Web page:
Local Vermont Paper Still Searching for the Perfect Suitor

Univision, you’ve got cash left over, haven’t you?

“all this could be yours — before we close the factory and outsource to Vietnam”

Cute gimmick. Sadly, so far, the idea of soliciting contest entries, the best of which would win a potential editor-publisher the chance to run their very own relatively successful local weekly in rural Vermont, hasn’t worked. No one’s submitting.

The Hardwick Gazette has been going strong since 1889. But its Willy Wonka is having a hard time finding a worthy successor.

The Gazette’s editor and publisher, Ross Connelly, announced in Junethat he was holding an essay contest to find a successor to take over the paper. He said that he still had the passion for newspapering, but that at 71, lacked the energy.
Unfortunately for him, the contest has not generated the interest that he had hoped would make his plan financially viable. So he has extended the deadline to Sept. 20 from Aug. 11.
When asked if he had a Plan C if he had still not received enough entries in a month, he offered a blunt analogy: He could extend the deadline again, he said, but that would be “like pounding your thumb with a hammer — it’s not going to stop hurting.”

You’d think that every hipster in Brooklyn with a typewriter and a chip on their shoulder about growing sooty-tasting tomatoes on the fire escape would be yearning to follow in the footsteps of NYC ex-pats like Shirley Jackson and E.B. White, who left the city for a more wholesome literary life in New England. No dice.

Connelly’s lack of success might be tied to the fact that he’s a wee bit crotchety: he doesn’t approve of social media, the Internet in general, or kids these days. In his paper, does not appear online, “he prints letters to the editor only if they include the writer’s signature, name, address and phone number.” But even cutting edge media properties are having a hard time of it: in 2015-2016 alone, we’ve lost Grantland, the Toast, and Gawker, and there have been deep cuts at places like Flavorwire, Mashable, VICE, Salon, Newsweek, Mode Media, the International Business Times, and Glenn Beck’s the Blaze.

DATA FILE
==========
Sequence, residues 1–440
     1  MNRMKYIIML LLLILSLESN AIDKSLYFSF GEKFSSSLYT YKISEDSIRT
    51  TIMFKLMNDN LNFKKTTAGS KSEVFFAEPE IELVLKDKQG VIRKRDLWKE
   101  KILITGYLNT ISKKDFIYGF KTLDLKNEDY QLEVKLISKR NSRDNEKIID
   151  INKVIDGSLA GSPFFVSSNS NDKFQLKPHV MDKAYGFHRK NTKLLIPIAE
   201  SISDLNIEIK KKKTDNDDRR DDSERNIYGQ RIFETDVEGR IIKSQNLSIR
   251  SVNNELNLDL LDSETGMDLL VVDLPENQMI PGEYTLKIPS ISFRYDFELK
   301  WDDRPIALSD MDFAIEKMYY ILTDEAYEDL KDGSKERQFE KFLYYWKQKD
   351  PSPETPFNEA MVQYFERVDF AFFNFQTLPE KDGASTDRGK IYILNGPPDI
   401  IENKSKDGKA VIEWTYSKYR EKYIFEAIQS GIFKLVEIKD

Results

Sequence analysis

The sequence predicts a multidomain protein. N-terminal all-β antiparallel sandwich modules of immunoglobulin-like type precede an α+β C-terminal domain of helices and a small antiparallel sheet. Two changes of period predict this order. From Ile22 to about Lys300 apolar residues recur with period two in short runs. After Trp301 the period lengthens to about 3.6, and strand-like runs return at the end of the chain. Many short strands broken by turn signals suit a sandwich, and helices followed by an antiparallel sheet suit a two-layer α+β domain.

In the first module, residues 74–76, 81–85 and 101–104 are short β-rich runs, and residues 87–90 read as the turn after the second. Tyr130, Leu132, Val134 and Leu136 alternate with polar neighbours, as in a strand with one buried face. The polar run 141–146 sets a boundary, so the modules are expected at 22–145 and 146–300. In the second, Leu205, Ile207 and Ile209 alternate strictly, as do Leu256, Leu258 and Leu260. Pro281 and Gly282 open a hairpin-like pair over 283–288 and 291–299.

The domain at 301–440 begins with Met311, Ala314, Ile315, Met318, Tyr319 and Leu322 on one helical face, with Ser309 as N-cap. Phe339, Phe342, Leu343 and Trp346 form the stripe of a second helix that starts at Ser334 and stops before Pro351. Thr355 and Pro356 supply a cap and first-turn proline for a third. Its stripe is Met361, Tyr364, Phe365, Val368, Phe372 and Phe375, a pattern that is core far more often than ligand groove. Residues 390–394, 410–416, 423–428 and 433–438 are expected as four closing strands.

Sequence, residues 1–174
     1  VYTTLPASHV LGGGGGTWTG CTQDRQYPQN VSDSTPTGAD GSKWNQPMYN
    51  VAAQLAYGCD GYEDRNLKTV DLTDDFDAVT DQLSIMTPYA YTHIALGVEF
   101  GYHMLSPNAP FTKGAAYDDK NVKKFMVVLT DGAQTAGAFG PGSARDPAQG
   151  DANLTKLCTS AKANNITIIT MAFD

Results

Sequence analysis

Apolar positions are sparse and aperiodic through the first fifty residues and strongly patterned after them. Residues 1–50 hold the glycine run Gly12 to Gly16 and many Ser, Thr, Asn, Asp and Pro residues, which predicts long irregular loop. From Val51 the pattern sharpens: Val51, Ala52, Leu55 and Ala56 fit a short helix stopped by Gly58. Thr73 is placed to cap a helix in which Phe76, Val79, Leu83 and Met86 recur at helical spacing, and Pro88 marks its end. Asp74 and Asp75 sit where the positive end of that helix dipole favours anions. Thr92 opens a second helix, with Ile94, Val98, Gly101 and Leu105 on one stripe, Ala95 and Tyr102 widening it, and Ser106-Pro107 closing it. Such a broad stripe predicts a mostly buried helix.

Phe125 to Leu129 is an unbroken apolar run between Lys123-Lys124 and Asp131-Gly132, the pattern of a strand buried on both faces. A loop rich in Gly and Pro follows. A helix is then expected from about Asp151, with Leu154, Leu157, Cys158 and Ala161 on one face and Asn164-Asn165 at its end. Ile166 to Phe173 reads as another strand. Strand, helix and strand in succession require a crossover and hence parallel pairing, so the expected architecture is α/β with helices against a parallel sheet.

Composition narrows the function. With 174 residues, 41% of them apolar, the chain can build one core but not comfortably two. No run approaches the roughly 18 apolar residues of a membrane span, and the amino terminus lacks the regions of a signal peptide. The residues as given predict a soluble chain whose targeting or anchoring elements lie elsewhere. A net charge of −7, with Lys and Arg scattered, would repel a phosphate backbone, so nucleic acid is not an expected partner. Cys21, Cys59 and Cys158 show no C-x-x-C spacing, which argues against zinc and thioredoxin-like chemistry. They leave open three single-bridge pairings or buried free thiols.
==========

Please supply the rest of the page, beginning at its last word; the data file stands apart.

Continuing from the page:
It’s a fine life, carrying the banner — isn’t it?

Local papers have a very specific role to the play in the media landscape. NPR argues that “accurate local news is vital to democracy.” Polls show that dailies and weeklies are still of use: “77% of consumers relied on local newspapers for community news and information, including printed copies of newspapers, newspaper websites, social media sites and newspaper apps.” And some local papers are, indeed, getting sold instead of shut down:

publisher Paddock Communications purchased five daily and seven weekly newspapers serving seven counties across southern Illinois from their previous owner, GateHouse Media. Paddock, based in Arlington Heights, already publishes a number of newspapers focused on the Chicago suburbs, including the Daily Herald, Spanish-language Reflejos, The Business Ledger, and many niche publications. …
For its part, GateHouse announced the acquisition of Fayetteville Publishing, the publisher of The Fayetteville Observer in North Carolina. Intil recently [sic], it was one of the oldest independently operated newspapers in the country, with continuous publication dating back two centuries. It becomes the eleventh newspaper owned by GateHouse in North Carolina.

Of course, strength in numbers isn’t 100% reliable.

This week also saw the closing of Community Papers of Western New York, which published 21 weekly newspapers serving a total of around 250,000 households across the mostly rural region. The closing followed a Chapter 11 bankruptcy filing last fall, and comes as one of the company’s main creditors, The Buffalo News, seeks to collect some $1.7 million in unpaid printing fees.

And, as John Oliver recently pointed out, in a segment covered by Nicole, not all buyers are benign.

Some, in fact, are quite handsy. Shel Adelson, who now owns the Las Vegas Review-Journal, has been transparent about interfering with editorial decisions. Mother Jones posits that he made the purchase so as “to take control of a local watchdog that has often been an irritant,” and that would be an alarming precedent to set, if it hadn’t been set already. Fewer and fewer properties of any kind have the standing and the resources to deliver objective, hard-hitting news.

In short, when even Brooklyn hipsters are wary of taking over a small, storied, and adorable media outlet in much fetishized Vermont, you know journalism is in trouble.

Hey, I have a riddle for you! What’s black and white and read all over?

Nothing, anymore.